My big mouth and bad eyes

One day after the kids went to bed, my wife and I went for a stroll.  We always enjoy looking at other sites and seeing how people setup camp to enjoy their time.  We walked by one site that had a nice big food tent, with five bulb lights hanging that were incredibly bright.  I started cracking jokes about how they could see the site from space, and even went on about how they were getting ready to host a ‘Hootenanny’ later that night.  My wife was cracking up so much that she couldn’t tell me that a lady was sitting at the corner of their nearby camper, and she didn’t look very amused.  Oops.  Well they do say it’s harder to see around dusk!

The importance of a checklist

Around the middle of the week, a family across the way was packing up to go, and we noted how they did a great job with everybody helping.  All seemed well as they were pulling away until the unmistakable crack of something going terribly wrong could be heard.

They only went a few feet and came to a quick stop, but the damage had been done.  They had put up their TV antenna, and forgotten to put it down.  The antenna went straight into a tree branch.  It was all bent up and pulled sideways.  We have a checklist that I use every time when setting up, and a different one every time we’re tearing down.  We’ve been doing it long enough that we don’t follow it step by step, but I do make sure to verify every single item on the list before going into motion.  I’m really glad I do!

Lighters, kindling, and darkness don’t mix

On our last night, we didn’t get a fire going until after it was mb-2015-06-firedark.  My father-in-law was getting it started and was looking for the lighter, which we keep in the kindling bag.  He couldn’t find it and went and got another one.  We had switched fire pits (because of the huge load of equipment as noted above) so we figured it had probably fallen out around the other pit, and that we’d find it in the morning.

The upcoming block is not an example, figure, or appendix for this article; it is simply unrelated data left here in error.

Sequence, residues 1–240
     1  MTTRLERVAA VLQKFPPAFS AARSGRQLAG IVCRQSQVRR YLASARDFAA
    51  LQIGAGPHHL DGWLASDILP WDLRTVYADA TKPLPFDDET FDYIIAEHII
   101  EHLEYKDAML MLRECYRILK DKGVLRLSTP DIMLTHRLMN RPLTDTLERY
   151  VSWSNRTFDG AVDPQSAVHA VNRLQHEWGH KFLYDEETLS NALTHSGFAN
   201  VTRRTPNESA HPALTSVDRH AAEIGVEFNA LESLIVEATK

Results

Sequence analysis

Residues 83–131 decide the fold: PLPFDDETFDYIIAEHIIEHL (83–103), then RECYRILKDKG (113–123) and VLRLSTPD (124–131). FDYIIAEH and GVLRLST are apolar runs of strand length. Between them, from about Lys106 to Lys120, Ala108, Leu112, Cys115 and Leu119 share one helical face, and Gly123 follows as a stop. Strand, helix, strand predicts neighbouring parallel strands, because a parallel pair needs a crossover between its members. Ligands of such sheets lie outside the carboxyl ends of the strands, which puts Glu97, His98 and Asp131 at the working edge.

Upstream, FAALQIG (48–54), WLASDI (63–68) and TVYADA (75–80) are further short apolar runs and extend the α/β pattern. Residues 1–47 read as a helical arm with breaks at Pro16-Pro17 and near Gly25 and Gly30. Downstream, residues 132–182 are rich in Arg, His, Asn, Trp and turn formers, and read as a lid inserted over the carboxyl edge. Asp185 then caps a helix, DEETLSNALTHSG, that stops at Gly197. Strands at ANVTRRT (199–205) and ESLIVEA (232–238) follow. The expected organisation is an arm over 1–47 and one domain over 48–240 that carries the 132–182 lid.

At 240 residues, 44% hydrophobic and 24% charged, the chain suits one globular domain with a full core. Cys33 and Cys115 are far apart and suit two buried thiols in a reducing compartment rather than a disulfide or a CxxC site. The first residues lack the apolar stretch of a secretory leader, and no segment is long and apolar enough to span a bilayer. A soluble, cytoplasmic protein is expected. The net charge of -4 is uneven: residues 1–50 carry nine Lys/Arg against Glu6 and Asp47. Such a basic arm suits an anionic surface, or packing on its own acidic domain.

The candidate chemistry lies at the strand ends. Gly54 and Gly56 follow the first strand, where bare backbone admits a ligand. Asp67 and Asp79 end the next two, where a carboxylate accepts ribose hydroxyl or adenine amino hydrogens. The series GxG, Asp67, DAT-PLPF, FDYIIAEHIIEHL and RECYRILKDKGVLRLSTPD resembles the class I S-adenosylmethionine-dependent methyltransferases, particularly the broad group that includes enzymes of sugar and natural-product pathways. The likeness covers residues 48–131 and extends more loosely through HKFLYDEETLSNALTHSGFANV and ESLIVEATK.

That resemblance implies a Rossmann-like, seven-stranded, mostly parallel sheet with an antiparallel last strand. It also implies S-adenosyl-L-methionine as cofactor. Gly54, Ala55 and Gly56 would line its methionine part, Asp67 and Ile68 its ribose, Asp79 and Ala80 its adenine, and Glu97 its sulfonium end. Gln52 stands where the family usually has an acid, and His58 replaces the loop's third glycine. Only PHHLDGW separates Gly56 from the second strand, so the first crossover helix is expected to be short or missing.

About 15 minutes after the fire stared, a sudden whoosh told us otherwise.  The lighter had mixed in with the kindling, and…became kindling.  Luckily, they don’t put very much fluid in those things.

A Great Camping Trip At A New Park

All in all, we had a great time.  The weather was about near perfect.  It only rained one day.  This, of course, happened to be the day that we had a previously booked boat rental.  Still, we still ended up having a great time.  The rest of the week was hot and sunny, so we gobbled up lots of beach time.  It’s always fun finding a new place and having a great family trip.

Readers, how have your summer trips gone this year?  

Copyright 2017 Original content authorized only to appear on Money Beagle. Please subscribe via RSS, follow me on Twitter, Facebook, or receive e-mail updates. Thank you for reading.

9 Random Things On My Mind Or Going On – What’s New With You?

It’s a good thing that the days get longer in summer because you need every minute of light and then some.  It’s funny because I have found my ‘falling asleep before bedtime’ spot, which happens to be on one of the couches in the living room.  If you see me heading to that couch anytime in the evening, it’s a sure thing that I’m going to fall asleep.  Here are some random things on my mind that I wanted to share.  Let me know what you think and what’s going on with you.

  1. The mad rush of special events is coming to a close.

    -Starting with Mother’s Day, it’s one opportunity to celebrate after another, which doesn’t end until Father’s Day (which is often delayed from a celebration standpoint).  In between those two we have my wife’s birthday and both kid’s birthday, plus we also have a lot going on with the end of the school years, dance recitals, and everything else.  Don’t get me wrong, we love celebrating every single milestone, but when they come so fast and furious all at once, we have to remind
    ourselves to stop and take a breath so that we can really enjoy and make the most out of each special event.

  2. Orlando.

    What to say about the tragedy in Orlando that hasn’t already been said?  I think one thing that many people need to realize is that there’s not one thing to blame that we can grasp and use as a fix.  It’s not just an ISIS thing.  It’s not just a guns thing.  It isn’t just a mental health thing.  Shutting down the borders or taking away the guns or re-opening the institutions are not individual solutions.  In our complex world, there are so many variables with seemingly new ones popping up all the time.  And, what’s scary is that the ever growing polarization is not going to get us closer to figuring out how to stop these events from happening.  I’m dreading the day when we have to try to explain this to our kids.  So far we’ve been able to keep them insulated, but at 7 and 5, we’re running on borrowed time.  This thought gives me sadness on so many levels.

  3. The Costco credit card switch is almost upon us.

    I have never seen so much publicity over a credit card, but the days are nearly here.  We’re pretty much prepared.  I think there are just a couple of small automated payments that my wife needs to redirect, and I’m also thinking of creating a laminated cheat sheet that we can carry in our wallets to direct us on what card we should use to maximize our rewards.  We have a few different cash back cards, now it’s just a matter of maximizing our value!